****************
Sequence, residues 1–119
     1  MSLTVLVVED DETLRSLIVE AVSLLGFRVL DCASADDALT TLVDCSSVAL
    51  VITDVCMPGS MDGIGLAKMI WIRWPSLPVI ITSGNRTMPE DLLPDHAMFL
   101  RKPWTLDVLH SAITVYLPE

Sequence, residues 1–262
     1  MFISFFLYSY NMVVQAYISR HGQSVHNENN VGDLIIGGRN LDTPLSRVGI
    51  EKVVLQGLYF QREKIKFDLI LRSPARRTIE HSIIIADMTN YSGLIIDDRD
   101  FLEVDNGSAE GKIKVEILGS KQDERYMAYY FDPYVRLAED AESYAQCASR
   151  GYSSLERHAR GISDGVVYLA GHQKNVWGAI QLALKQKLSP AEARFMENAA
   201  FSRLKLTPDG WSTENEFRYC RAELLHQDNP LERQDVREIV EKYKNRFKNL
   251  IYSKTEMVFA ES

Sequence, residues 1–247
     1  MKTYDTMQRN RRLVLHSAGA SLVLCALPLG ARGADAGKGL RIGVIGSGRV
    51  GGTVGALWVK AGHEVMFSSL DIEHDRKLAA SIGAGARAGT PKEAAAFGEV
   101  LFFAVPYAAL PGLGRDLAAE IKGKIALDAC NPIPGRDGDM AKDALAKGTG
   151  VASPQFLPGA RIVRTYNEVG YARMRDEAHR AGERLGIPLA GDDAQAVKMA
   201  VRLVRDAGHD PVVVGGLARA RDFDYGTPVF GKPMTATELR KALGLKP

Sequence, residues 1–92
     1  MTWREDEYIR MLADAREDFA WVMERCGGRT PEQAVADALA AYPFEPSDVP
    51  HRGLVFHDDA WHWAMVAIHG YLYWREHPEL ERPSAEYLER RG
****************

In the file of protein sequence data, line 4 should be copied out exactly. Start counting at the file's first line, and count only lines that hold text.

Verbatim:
   101  RKPWTLDVLH SAITVYLPE